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Alitalia board picks Air France-KLM's 6.5 bn euro rescue plan


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by Gina Doggett Fri Dec 21, 2:22 PM ET


ROME (AFP) - Alitalia's board of directors said Friday it had advised the Italian government to pursue an offer by Air France-KLM to rescue the near-bankrupt airline with a long-term investment of 6.5 billion euros.


In the widely-expected decision, the board said it preferred the rescue plan by Air France, the world's largest airline by revenues, to another proposed by the Italian company Air One.


"The proposal by Air France-KLM is the more opportune and calls for a significant investment plan (of) 6.5 billion euros (9.3 billion dollars) in the long term," Alitalia said in a statement.


The twice-postponed decision, which the statement said was unanimous, was reached after seven hours of discussion by the board of the flag-carrier, which is losing some one million euros a day.


"The business plan presented by Air France-KLM was of great credibility and capable of resolving Alitalia's strategic, industrial and financial crises," the statement said.


Alitalia is beset by high operating costs and fierce competition from budget rivals.


"The Alitalia brand and the Italian identity will remain a basic asset of the company and will be further developed to the benefit of the new group," the board said, adding saying that Air France would make these assurances to the Italian government, which owns a 49.9 percent stake in the ailing airline.


The government will not announce whether it will adopt the board's recommendation until mid-January, reportedly fearing union action over the holiday season.


Italian Prime Minister Romano Prodi, a former European Commission president, had earlier vowed to announce a decision by Christmas.


The unions, fearing fallout from restructuring -- notably sizeable layoffs -- have threatened strike action if they are not kept fully informed of the rescue plan for the airline.


Prodi's wide-ranging centre-left government reportedly remains divided between the two offers, though Prodi himself, as well as his economy and development ministers, are said to lean towards Air France.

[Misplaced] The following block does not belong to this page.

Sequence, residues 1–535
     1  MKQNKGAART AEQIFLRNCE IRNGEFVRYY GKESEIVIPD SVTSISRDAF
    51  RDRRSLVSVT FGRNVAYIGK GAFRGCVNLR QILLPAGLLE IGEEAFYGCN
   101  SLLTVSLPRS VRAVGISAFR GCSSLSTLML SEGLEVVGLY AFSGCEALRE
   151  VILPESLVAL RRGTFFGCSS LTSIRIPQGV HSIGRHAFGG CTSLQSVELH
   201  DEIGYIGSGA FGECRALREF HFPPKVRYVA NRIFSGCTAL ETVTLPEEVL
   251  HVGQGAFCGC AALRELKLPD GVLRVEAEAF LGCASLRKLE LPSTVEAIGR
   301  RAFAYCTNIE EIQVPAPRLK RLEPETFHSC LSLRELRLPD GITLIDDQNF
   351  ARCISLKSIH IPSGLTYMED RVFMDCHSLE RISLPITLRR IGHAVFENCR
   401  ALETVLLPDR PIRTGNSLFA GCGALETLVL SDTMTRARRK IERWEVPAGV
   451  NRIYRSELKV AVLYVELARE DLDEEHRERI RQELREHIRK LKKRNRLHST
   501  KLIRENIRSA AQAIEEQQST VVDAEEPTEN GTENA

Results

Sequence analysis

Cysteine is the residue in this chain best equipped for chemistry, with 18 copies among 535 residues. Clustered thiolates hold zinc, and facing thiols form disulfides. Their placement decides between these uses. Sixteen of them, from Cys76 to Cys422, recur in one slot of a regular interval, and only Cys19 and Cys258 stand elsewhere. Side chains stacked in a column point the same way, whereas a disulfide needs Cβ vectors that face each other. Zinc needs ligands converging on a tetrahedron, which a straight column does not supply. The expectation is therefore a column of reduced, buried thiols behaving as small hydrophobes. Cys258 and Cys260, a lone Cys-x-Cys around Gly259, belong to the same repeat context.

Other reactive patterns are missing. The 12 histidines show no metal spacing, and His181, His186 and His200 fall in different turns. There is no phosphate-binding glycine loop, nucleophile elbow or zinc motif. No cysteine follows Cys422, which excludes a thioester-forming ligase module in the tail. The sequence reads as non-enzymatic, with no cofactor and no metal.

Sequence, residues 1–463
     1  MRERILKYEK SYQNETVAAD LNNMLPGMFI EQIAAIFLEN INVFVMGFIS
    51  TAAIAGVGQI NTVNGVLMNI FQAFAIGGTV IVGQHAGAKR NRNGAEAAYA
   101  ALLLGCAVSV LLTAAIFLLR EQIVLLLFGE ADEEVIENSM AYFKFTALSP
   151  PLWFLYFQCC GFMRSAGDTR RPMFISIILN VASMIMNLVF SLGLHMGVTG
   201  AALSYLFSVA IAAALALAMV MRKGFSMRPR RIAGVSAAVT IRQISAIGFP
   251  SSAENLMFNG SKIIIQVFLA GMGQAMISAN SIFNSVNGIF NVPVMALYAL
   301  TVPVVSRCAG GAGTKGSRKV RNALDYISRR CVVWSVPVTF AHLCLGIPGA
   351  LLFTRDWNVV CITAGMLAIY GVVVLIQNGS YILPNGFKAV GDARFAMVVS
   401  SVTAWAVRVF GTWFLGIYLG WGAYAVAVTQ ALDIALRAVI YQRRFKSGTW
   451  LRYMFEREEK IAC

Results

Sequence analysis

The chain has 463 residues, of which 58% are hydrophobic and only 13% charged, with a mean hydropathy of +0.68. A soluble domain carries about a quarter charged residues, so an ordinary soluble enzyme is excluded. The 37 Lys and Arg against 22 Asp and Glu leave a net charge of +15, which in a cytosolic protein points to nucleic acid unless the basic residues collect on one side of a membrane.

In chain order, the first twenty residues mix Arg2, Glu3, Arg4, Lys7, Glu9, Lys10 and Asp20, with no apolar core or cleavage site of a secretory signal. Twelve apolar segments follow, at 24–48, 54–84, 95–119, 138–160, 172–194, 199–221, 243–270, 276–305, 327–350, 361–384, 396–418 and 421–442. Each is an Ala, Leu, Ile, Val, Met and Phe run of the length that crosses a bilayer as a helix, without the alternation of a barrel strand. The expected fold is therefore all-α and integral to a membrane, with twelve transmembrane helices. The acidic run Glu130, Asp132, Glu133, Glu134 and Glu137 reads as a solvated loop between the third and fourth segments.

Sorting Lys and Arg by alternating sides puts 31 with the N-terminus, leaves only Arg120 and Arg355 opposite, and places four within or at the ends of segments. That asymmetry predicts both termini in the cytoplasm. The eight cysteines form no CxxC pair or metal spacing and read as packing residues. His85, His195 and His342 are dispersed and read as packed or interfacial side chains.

Alitalia boss Maurizio Prato also implicitly backed the Air France plan in remarks ahead of the decision.


"Air France-KLM, with a turnover of more than 23 billion euros and a capitalisation of around 7.2 billion euros, is the world's largest airline in terms of receipts and has proven successful experience in industrial integration and restructuring," Alitalia's statement said.


Air France -- which stayed away from a failed attempt to auction Alitalia last July -- has proposed a share swap that would allow Alitalia to have a place in the new entity with full rights.


The European giant is offering 35 euro cents per share along with a recapitalisation of 750 million euros. It would also cut some 1,500 jobs from the Alitalia workforce.


The Air France blueprint does not reveal its plans for the ground services company AZ Servizi, which employs 8,300 people.


For its part, Air One proposed to merge the two Italian carriers to create Europe's fourth largest airline.


Air One, Italy's second largest carrier after Alitalia and a commercial partner of Germany's Lufthansa, would invest a total of 5.3 billion euros by 2012, beginning with an immediate injection of one billion euros, and renew Alitalia's ageing fleet with 130 new planes.


Backed by Italian banking giant Intesa Sanpaolo, Nomura of Japan and the US investment banks Goldman Sachs and Morgan Stanley, Air One has offered one cent per share and would axe 2,750 jobs from Alitalia Fly and 1,050 from AZ Servizi.


The government failed to sell Alitalia by auction last July.


The long-running saga has been fraught with market-moving uncertainty. Alitalia's share price dropped 5.6 percent to 72 cents on Monday, recovering to 76 cents on Friday.


Fonte: Yahoo!

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